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Politics / Issues

Weekly Roundup: Rick Scott, Jeb, FHIX Flops

State Legislature

As lawmakers wrestled with a health-care Gordian knot in Tallahassee this week, Gov. Rick Scott held court over a Republican who's who in the land where dreams come true and where Jeb Bush emerged a home-state hero.

And, after the week dragged on with no sign that House and Senate leaders had reached consensus on a $4 billion spending breach centered on health care for poor and low-income Floridians, Tinkerbell and her magic pixie dust finally made the 260-mile trek north.

The House erupted in cheers Friday afternoon when House Speaker Steve Crisafulli announced that he and Senate President Andy Gardiner had reached agreement on broad budget allocations and that negotiations on a detailed spending plan would begin Saturday morning.

The speaker's declaration came as House Republicans spent hours raising questions about the Senate's proposal to provide private health care coverage to between 350,000 and 800,000 uninsured Floridians, depending on who's counting.

Gertrude Stein may have summed up the solution, or lack of one: "There ain't no answer. There ain't gonna be any answer. There never has been an answer. That's the answer."

While House and Senate Republicans remain bitterly divided over the health care issue, the Republicans who showed up at an Orlando summit hosted by Scott were united on at least one front --- their unwavering adulation of Scott, who peeled off his awkward mask and showed that --- in front of an adoring crowd, at least --- the governor is comfortable in his own skin.


The Senate overwhelmingly approved its answer to the health care crisis on Wednesday, with just three Republicans voting against the plan to use Medicaid expansion funding from the Affordable Care Act --- commonly known as "Obamacare" --- to help lower-income Floridians purchase private health insurance.

Senators tried to open an avenue for negotiations over the Florida Health Insurance Affordability Exchange, or FHIX, suggesting that some health-care reforms House leaders have pushed could be added to the bill and approved by the Senate. The House is looking to revamp insurance coverage for state workers and overhaul some longstanding health-industry regulations.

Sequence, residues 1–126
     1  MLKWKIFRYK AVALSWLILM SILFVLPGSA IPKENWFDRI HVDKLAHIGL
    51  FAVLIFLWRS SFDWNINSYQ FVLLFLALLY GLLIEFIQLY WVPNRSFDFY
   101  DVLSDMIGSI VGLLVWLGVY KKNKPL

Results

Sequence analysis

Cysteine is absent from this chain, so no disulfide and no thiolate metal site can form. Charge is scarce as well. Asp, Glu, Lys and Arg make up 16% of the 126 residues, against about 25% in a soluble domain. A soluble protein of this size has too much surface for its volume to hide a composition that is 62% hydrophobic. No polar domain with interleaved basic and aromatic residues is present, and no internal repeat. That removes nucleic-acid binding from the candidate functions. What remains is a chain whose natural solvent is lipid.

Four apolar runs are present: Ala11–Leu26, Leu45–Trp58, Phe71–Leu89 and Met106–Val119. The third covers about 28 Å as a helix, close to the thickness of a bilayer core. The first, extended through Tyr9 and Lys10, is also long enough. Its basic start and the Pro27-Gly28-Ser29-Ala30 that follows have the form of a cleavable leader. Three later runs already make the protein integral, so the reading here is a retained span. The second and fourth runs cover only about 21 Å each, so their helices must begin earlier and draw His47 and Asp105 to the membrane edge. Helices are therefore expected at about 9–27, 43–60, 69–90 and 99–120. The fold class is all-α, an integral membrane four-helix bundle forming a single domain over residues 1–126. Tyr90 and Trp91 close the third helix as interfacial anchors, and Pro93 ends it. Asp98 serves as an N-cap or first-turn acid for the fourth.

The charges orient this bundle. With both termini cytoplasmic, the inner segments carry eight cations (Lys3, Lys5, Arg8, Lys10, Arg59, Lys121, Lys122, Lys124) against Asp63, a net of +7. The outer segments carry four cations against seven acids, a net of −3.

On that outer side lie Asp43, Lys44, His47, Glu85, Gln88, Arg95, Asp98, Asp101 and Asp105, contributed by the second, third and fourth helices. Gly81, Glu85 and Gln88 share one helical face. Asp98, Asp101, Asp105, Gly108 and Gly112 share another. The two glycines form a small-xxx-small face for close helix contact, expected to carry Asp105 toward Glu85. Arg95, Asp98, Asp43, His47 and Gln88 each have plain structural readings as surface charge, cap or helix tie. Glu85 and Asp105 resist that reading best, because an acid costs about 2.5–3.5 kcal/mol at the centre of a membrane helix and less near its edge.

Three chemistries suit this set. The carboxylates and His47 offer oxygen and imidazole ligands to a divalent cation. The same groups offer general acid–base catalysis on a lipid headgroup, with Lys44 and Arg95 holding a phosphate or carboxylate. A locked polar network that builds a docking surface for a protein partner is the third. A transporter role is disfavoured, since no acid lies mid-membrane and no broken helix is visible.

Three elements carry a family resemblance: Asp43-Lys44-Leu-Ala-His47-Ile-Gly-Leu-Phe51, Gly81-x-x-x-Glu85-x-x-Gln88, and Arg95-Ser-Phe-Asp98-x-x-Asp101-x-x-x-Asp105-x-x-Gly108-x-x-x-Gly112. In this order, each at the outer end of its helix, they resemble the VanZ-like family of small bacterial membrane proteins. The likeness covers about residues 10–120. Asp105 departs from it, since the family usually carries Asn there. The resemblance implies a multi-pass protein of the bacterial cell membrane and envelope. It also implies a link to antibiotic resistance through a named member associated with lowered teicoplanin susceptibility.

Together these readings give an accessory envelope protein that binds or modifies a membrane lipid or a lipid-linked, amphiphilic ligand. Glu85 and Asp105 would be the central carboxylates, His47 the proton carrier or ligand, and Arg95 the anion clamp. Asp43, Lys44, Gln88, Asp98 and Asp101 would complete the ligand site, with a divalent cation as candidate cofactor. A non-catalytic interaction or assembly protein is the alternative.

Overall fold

But, for all of its new provisions, House Republicans argued that the Senate's plan remained Medicaid expansion --- vigorously opposed by the House GOP and Scott --- in disguise. After seven hours of debate Friday, the House rejected the plan.

"If the plan is dependent on the 90 percent federal match rate outlined in the ACA (Affordable Care Act), and it's a requirement that we serve the exact population defined by the ACA, would you not agree that this plan is truly Medicaid expansion as envisioned by the ACA?" Rep. Matt Caldwell, R-North Fort Myers, asked Rep. Mia Jones, D-Jacksonville, during floor discussions about the bill (SB 2A) on Thursday.

In response to one of the House's chief reasons for resisting the Senate's plan --- that the federal government is an unreliable funding partner and might withdraw from its promise to bankroll at least 90 percent of any Medicaid expansion plan -- Sen. Don Gaetz noted that the House's budget proposal includes $16.4 billion in health-care funding and $24.4 billion overall from federal sources.

"Those who say that they don't want federal money or don't want to take federal money --- that train has left the station a long time ago," said Gaetz, R-Niceville. "They've lost their virginity on that issue."


Former Florida Gov. Jeb Bush was crushed by a media scrum after being the last GOP presidential wannabe to address a gathering of more than 400 of the state's corporate honchos at an economic summit called by Scott.